Sorry, you need to enable JavaScript to visit this website.
Skip to main content

Georgia tribes

Cherokee of Georgia received state recognition on March 1, 1988 and has 369 members. The Tribal Council is incorporated and has held 501(c)(3) nonprofit status since 1989 for their mission of maintaining a traditional Cherokee community, preserving and sharing culture and history. Read More
The GEORGIA TRIBE OF EASTERN CHEROKEE consists of descendants of the Cherokee in the Dahlonega area who managed to escape the infamous Trail of Tears. “The Trail of Tears” characterized the forceful removal of their tribe in the 1830s, by U.S. Soldiers who herded them into the Oklahoma Territory. Read More
The Lower Muskogee Creek Tribe is a remnant of the Original Muskogee Creek Confederacy, known as Creek Nation. We have three Treaties with the Colony of Georgia and 11 Treaties the United States Government. The Treaty of 1814, Andrew Jackson made the entire Creek Nation pay the cost of the Red Stick War by ceding the land of Southwest Georgia and Alabama. The United States Court of Claim ruled that this Treaty was made with the entire Muskogee Creek Nation, so the Land Payments of Docket 21 was paid to all descendants. Read More

State Recognition

Recommended Guidelines for State Recognition of Indian Tribes

Acting pursuant to its authority contained in Section 44-12-280 (b) of the Georgia Code, the Georgia Council on American Indian Concerns in official session met on October 10, 2001 and unanimously adopted its recommended guidelines concerning recognition of tribes in the State of Georgia.

The Georgia Council on American Indian Concerns will use these guidelines in its advisory deliberations and issuance of any subsequent report recommending for or against acknowledgement of Indian groups within the State of Georgia.

Indian groups seeking recognition by the Georgia General Assembly are encouraged to prepare a formal petition for recognition using a format suggested by the Georgia Council on American Indian Concerns. Although not presently required by law, the Georgia General Assembly is encouraged to seek the advice of the Georgia Council on American Indian Concerns prior to final consideration of any recognition legislation.


1. Historicity: The petitioning group should demonstrate a direct genealogical connection to one of the American Indian Tribes, bands, groups, or communities that has been documented historically with reasonable certainty as having inhabited lands within the present boundaries of the State of Georgia for a period of at least forty years prior to the Removal Era.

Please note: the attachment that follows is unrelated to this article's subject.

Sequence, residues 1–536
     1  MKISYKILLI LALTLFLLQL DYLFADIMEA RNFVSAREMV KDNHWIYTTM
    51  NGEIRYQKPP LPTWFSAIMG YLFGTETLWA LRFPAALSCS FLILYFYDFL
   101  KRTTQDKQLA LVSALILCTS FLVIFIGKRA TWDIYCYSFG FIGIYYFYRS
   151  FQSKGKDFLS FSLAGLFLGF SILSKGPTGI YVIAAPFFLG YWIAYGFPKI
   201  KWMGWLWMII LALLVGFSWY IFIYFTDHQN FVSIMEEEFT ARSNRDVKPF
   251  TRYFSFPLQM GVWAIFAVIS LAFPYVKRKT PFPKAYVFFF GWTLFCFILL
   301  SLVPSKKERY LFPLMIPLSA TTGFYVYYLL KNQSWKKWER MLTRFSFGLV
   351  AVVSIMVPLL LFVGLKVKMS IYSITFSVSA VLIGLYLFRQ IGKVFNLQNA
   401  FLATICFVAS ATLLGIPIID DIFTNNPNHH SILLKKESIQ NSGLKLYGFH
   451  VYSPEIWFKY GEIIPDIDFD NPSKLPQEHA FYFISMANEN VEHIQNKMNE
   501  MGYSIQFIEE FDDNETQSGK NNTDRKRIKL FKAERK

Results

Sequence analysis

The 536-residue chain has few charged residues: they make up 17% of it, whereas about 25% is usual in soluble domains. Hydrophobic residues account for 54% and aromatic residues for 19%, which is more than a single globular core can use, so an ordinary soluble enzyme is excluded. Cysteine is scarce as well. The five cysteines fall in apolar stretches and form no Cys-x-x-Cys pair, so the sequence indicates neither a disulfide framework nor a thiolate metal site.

2. Membership: The petitioning group shall possess formal membership rolls and written standards for membership that are based on unbroken genealogical descent from one of the American Indian Tribes, bands, groups, or communities indigenous to Georgia, as defined in criterion #1.

3. Government: The petitioning group should be able to demonstrate that it is a distinct cultural entity capable of self-regulation by documenting the existence and function of its governmental and social institutions and traditions.

4. Geographical Area: A substantial portion of the members of the petitioning group should presently inhabit a defined area, and its tribal headquarters should be located within the State of Georgia.

5. Ethnic Identity: The members of the petitioning group should be a community that is generally viewed as American Indian and culturally distinct from all other communities surrounding it.

6. Exclusions: The petitioning group shall not be considered if it falls into one of the following categories:
a. The petitioning group is limited to a single family;
b. It is of recent origin;
c. It is determined to be a splinter group or political faction that has separated from the main body of a tribe, band, group, or organized Indian Community previously recognized by the State of Georgia;
d. There is reasonable evidence that the petitioning group was "self-created" for the purpose of improperly gaining American Indian status;
e. The majority of the members of the petitioning group are also members of other American Indian tribes, bands, groups, or communities.


The Georgia Council on American Indian Concerns may adopt technical guidance for discharging its advisory duties on recognition but such guidance shall not be binding, create any right, confer any benefit on any party. The final decision to recognize any particular Indian group within the State of Georgia rests with the Georgia General Assembly.